The datasets from Monday's ICM poll have finally been released, and along with confirming that the "spiral of silence" adjustment did indeed reduce the SNP's lead slightly, they also provide voting intention numbers for next year's Scottish Parliament election, and for a hypothetical second independence referendum.
Scottish Parliament constituency ballot :
SNP 46% (+2)
Labour 26% (n/c)
Conservatives 13% (+1)
Liberal Democrats 6% (n/c)
UKIP 5% (-1)
Greens 4% (n/c)
Scottish Parliament regional list ballot :
SNP 42% (n/c)
Labour 26% (+1)
Conservatives 14% (+2)
UKIP 6% (-1)
Liberal Democrats 6% (n/c)
Greens 5% (-3)
What's fascinating here is that, although we see the familiar pattern of the SNP lead being somewhat lower on the list, that isn't tied to a big list vote for the Greens. The small number of SNP constituency voters who opt for a different party on the list are breaking for a variety of parties, with as many going to Labour as to the Greens. That doesn't help Labour, though, because they lose almost as many votes on the list as they gain.
If there were a fresh referendum on Scottish independence tomorrow, then how would you vote?
It's difficult to make much sense of these figures, because we have no baseline to work from - this is the first time ICM have asked the independence question since referendum day. We can't even make a direct comparison with their pre-referendum polls (which on the face of it often produced very similar numbers to these) because the methodology has changed - in line with other firms, ICM have now introduced weighting by recalled referendum vote. This has led to people who recall voting Yes being significantly weighted down in this poll, from 469 to 423. No voters have been upweighted, albeit by a more modest amount. So, as we've seen from all the firms, it looks like Yes have made substantial progress from ICM's pre-referendum polls (with the exception of the rogue 54% Yes poll on the final weekend) once you take account of the new methodology.
However, the headline numbers as reported are obviously less good for Yes than we've seen in any other poll since September. That difference may be caused by ICM's methodology, or by random sampling variation, or simply by the political composition of ICM's panel being slightly different. To put it in perspective, there have been nine independence polls since the referendum - four have shown a Yes lead, four have shown a No lead, and there has been one tie. It simply isn't possible to know whether Yes or No are in the lead, although we do know that it's a very tight race.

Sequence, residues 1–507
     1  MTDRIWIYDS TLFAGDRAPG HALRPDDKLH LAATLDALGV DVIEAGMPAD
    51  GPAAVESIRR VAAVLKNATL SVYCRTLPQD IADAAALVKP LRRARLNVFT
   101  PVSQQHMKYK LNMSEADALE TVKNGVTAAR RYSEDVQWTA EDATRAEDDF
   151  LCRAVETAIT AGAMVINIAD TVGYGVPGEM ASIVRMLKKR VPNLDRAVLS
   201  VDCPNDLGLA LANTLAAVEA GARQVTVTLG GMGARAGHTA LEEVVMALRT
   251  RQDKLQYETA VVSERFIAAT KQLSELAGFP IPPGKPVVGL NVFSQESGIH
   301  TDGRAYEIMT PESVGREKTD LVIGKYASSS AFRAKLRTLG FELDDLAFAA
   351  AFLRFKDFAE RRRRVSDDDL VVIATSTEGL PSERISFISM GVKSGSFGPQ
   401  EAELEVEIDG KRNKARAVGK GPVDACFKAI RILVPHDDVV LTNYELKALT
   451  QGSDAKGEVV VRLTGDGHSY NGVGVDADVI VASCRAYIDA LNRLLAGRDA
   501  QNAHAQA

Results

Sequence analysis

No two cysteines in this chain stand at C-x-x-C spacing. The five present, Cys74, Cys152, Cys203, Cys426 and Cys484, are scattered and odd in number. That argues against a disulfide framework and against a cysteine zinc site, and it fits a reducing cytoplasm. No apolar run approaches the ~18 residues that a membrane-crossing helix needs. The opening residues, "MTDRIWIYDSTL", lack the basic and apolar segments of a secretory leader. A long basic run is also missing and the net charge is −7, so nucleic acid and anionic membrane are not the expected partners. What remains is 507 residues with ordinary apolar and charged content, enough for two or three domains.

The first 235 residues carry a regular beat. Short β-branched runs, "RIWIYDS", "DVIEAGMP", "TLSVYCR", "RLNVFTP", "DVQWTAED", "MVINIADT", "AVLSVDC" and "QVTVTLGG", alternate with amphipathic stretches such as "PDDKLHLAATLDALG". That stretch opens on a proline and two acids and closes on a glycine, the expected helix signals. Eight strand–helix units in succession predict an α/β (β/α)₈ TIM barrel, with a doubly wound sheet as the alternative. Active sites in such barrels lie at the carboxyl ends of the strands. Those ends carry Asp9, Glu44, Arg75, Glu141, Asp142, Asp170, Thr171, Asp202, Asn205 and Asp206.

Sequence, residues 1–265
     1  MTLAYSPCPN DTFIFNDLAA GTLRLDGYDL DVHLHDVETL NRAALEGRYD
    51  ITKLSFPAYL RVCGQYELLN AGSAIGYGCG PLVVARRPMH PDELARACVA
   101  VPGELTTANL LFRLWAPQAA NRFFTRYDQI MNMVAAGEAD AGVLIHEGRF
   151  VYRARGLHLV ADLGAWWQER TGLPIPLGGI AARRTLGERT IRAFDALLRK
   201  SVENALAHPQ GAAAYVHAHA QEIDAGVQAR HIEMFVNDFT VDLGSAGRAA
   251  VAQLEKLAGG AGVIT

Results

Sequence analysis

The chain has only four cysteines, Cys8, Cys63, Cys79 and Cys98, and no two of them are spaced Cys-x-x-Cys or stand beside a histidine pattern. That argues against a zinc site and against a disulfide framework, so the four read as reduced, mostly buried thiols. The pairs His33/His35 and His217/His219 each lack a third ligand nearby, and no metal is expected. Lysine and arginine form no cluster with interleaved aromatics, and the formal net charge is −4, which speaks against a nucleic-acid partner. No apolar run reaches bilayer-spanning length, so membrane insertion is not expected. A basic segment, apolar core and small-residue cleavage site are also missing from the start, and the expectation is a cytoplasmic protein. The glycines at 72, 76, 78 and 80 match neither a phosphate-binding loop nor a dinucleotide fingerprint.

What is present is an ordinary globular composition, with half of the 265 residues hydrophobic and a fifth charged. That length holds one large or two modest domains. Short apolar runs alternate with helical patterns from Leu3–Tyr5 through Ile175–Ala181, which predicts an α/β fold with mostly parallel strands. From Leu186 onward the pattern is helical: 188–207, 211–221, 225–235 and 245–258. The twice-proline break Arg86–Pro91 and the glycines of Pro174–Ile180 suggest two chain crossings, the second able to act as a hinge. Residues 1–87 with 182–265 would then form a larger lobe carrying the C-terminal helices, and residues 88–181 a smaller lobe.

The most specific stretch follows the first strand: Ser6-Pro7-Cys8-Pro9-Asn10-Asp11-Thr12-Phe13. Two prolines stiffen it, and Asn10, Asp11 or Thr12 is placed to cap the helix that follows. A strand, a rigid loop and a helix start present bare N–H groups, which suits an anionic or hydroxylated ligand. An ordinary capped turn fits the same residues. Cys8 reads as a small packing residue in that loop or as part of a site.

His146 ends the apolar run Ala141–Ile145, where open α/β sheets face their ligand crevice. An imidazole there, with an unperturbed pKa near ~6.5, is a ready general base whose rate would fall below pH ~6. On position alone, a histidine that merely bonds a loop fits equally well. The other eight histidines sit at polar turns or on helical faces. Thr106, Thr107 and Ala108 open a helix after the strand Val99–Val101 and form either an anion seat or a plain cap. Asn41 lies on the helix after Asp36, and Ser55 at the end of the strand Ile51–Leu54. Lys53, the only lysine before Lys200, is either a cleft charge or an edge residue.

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I think I may have to scream - Alex Massie has tried it on with his barmy "jury trial" wheeze yet again.
"As it happens, I think the BBC did scrutinise the Yes campaign’s claims with greater vigour than it did those made by the No campaign. I’m neither sure that could have been avoided, nor that it was necessarily the wrong instinct. It was the Yes campaign – and the Scottish government – that were proposing a significant change to our way of life, after all...the burden of proof was on the Yes campaign and the jury – press and voters alike – were entitled to ask that the case for independence be made beyond a reasonable doubt. That, in other words, it be subject to a criminal, not civil, standard of proof."
Memo to Mr Massie - if you want to spout this kind of nonsense, please at least attempt to back it up by identifying the portion of electoral law which states that fair and balanced TV coverage is not required or even desirable in a referendum campaign "because it's kind of like a jury trial". You may be searching for some time. As for the remark about bias being "unavoidable", that reads a bit like someone saying : Yeah, OK, your pet poodle was shot. It wasn't a pleasant thing to watch, but hey, what could the gunman do? He just felt his finger squeezing the trigger, it must have been gravity or something. Bummer.
Massie also claims that Salmond implied in his new book that Henry McLeish had betrayed his country, which - not to put too fine a point on it - is a pretty bloody outrageous distortion. Because Salmond said that McLeish had been torn between loyalty to party and country, we're invited to believe that McLeish's eventual decision to side with his party must automatically mean that he's being branded a traitor to Scotland. I suspect Massie would struggle to make that tenuous logic stand up in a court of law (how ironic).
"Scottish politics is a faith-based business these days...How else to explain the fact that, according to a recent YouGov poll, 56 percent of SNP supporters think plummeting oil prices are neither good nor bad for Scotland?"
There's a pretty straightforward answer to that question if you're remotely interested in listening, Alex - some Yes voters simply aren't as obsessed with oil as the average right-wing unionist commentator, and won't have been interested in the question. Others will have spotted a mile off that they were being fed a leading question, and weren't prepared to play along with that little game.
"Of course Salmond was so convinced Yes were going to win that it comes as some surprise to discover that Scotland actually voted No. It certainly seems to shock him."
Perhaps it did, but that pales into insignificance when compared to the shock of the discovery that "undecided voter Alex Massie" - who took part in a high-profile BBC referendum debate on that specific basis - had in fact been a dyed-in-the-wool unionist all along. You could have knocked me down with a feather.